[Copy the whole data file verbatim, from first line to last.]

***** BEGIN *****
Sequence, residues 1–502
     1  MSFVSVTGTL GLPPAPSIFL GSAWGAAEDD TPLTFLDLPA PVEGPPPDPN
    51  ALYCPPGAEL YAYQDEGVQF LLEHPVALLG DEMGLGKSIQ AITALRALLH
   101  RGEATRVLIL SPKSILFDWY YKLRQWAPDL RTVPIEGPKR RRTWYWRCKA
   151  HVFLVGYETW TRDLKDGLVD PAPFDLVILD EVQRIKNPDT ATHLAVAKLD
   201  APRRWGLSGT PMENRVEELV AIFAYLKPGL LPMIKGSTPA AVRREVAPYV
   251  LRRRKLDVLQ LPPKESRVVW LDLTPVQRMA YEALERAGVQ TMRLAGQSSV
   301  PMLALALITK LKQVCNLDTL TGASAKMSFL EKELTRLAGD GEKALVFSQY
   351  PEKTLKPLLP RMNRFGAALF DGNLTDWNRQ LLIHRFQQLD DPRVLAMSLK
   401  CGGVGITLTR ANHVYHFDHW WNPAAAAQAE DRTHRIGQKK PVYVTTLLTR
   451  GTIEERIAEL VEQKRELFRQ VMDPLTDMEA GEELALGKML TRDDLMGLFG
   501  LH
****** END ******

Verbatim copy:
Sequence, residues 1–502
     1  MSFVSVTGTL GLPPAPSIFL GSAWGAAEDD TPLTFLDLPA PVEGPPPDPN
    51  ALYCPPGAEL YAYQDEGVQF LLEHPVALLG DEMGLGKSIQ AITALRALLH
   101  RGEATRVLIL SPKSILFDWY YKLRQWAPDL RTVPIEGPKR RRTWYWRCKA
   151  HVFLVGYETW TRDLKDGLVD PAPFDLVILD EVQRIKNPDT ATHLAVAKLD
   201  APRRWGLSGT PMENRVEELV AIFAYLKPGL LPMIKGSTPA AVRREVAPYV
   251  LRRRKLDVLQ LPPKESRVVW LDLTPVQRMA YEALERAGVQ TMRLAGQSSV
   301  PMLALALITK LKQVCNLDTL TGASAKMSFL EKELTRLAGD GEKALVFSQY
   351  PEKTLKPLLP RMNRFGAALF DGNLTDWNRQ LLIHRFQQLD DPRVLAMSLK
   401  CGGVGITLTR ANHVYHFDHW WNPAAAAQAE DRTHRIGQKK PVYVTTLLTR
   451  GTIEERIAEL VEQKRELFRQ VMDPLTDMEA GEELALGKML TRDDLMGLFG
   501  LH